Use this URL to cite or link to this record in EThOS: https://ethos.bl.uk/OrderDetails.do?uin=uk.bl.ethos.746167
Title: Networks of distribution at the margins of the Empire : late antique glass vessels from the Lower Danube region
Author: Cholakova, A. I.
ISNI:       0000 0004 7230 2147
Awarding Body: UCL (University College London)
Current Institution: University College London (University of London)
Date of Award: 2016
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Abstract:
The thesis aims to explore the distribution of glass in the Balkan territories of the late Roman and early Byzantine Empire based on an integrated research on glass vessels from the late 3rd to early 7th centuries AD from three site assemblages in present-day Bulgaria (Dichin, Odartsi, and Serdica). The category of artefacts, i.e. glass vessels, is deliberately chosen since they provide the opportunity to investigate both their ‘archaeology’ (in terms of vessel morpho-typology, decoration, manufacturing techniques, etc.) and their ‘chemistry’ (in terms of chemical composition) as two aspects of research which are not unconnected or contrasted but are complementary to each other. Taking as a framework the model of division in the Roman and late antique glass industry, this study is focused not only on tracing the routes of glass supply from the primary production centres in the East Mediterranean to the Balkans but also on reconstructing the entire chains of distribution of raw glass and finished vessels to the consumers’ sites. Special attention is given to an attempt to identify inter-regional, regional and local networks (as a differentiation in their geographical directions, spatial scale, functional mechanisms, organization, technologies, etc.), and the stratified production and consumers’ needs related to them. From a methodological point of view, the research is based on an integrated classification constructed from artefact research and scientific techniques for compositional characterization of glass (EPMA and LA-ICP-MS analyses). Approaches to technology, exchange, and distribution which have been originally formed in anthropological and economic theory are applied, combined with a detailed understanding of particular historical and archaeological context. The results point to a pattern of glass distribution corresponding to the overall technological and economic processes of Late Antiquity, with shifts in compositions, vessel manufacture and use in early 6th c. AD when significant transformations took place in the Balkans.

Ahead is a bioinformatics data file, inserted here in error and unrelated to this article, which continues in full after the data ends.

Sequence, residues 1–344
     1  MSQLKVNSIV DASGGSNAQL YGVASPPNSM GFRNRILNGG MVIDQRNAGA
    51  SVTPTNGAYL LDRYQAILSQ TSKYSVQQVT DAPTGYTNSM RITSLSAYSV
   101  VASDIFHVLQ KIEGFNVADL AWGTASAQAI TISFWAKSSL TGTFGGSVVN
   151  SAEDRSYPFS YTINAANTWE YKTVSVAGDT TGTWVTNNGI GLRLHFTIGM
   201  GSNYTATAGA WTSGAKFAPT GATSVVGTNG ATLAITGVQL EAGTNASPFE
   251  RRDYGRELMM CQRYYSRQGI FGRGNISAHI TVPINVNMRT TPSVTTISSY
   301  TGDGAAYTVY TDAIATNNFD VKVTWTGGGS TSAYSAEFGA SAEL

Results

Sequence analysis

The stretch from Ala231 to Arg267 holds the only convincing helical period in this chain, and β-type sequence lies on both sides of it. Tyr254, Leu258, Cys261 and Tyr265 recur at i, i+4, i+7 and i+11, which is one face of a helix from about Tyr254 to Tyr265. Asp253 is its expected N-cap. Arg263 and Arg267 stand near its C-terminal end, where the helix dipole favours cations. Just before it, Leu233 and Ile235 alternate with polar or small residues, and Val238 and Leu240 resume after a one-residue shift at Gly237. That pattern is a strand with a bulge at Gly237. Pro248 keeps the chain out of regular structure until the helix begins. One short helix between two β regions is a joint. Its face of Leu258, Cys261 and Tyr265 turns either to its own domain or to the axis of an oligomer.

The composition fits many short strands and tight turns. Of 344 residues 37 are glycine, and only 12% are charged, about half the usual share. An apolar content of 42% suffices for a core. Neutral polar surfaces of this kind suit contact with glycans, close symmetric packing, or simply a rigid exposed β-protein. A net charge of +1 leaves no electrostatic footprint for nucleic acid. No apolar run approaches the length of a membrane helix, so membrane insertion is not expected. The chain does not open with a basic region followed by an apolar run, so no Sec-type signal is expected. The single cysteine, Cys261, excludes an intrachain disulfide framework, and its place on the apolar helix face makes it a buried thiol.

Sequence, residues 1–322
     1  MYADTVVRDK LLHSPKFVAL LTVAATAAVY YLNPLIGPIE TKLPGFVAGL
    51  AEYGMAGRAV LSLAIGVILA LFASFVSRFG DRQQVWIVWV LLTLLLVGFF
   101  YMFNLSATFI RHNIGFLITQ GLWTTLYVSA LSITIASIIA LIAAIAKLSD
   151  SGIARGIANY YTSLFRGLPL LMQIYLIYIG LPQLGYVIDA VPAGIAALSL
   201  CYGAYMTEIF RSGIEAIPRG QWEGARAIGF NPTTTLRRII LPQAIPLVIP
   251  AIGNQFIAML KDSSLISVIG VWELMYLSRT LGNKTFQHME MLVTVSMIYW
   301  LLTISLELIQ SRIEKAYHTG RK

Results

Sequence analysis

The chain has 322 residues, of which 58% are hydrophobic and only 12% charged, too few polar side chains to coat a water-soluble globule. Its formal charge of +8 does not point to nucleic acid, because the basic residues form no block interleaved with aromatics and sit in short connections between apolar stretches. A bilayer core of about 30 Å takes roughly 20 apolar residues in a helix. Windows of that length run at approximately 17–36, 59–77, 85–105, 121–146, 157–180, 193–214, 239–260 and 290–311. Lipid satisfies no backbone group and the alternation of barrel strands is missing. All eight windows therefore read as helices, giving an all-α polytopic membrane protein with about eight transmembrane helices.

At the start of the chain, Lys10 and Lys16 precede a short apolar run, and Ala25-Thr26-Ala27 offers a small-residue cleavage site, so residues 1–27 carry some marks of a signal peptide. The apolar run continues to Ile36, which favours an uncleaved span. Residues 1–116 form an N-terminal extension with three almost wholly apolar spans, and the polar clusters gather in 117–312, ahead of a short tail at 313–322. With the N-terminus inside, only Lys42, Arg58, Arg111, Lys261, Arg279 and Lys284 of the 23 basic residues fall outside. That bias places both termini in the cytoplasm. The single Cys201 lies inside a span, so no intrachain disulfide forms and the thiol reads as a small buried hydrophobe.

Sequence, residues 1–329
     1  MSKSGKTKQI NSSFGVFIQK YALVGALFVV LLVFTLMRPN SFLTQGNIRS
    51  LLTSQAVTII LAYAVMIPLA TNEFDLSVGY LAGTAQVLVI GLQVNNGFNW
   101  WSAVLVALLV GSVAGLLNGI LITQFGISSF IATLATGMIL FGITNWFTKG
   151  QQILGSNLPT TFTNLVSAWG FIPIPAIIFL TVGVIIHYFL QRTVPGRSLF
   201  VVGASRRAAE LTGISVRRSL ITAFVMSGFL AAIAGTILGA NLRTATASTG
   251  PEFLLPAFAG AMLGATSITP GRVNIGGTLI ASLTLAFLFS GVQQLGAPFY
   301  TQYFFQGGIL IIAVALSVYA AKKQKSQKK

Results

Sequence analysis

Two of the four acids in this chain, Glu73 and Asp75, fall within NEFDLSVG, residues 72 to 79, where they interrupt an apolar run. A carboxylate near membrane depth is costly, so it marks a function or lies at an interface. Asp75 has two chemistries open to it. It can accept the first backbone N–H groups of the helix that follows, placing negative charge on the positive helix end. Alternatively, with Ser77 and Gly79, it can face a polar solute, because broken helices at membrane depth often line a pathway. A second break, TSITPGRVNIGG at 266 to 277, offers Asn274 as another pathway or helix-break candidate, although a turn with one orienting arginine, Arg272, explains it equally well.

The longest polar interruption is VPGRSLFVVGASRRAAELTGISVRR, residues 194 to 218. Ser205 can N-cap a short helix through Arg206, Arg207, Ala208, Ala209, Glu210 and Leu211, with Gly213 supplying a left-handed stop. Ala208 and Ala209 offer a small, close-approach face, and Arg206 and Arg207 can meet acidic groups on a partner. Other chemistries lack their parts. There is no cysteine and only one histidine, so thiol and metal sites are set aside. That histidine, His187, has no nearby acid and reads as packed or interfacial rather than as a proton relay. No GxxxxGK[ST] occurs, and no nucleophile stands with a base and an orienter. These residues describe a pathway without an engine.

Supervisor: Rehren, T. H. ; Freestone, I. Sponsor: Not available
Qualification Name: Thesis (Ph.D.) Qualification Level: Doctoral
EThOS ID: uk.bl.ethos.746167  DOI: Not available
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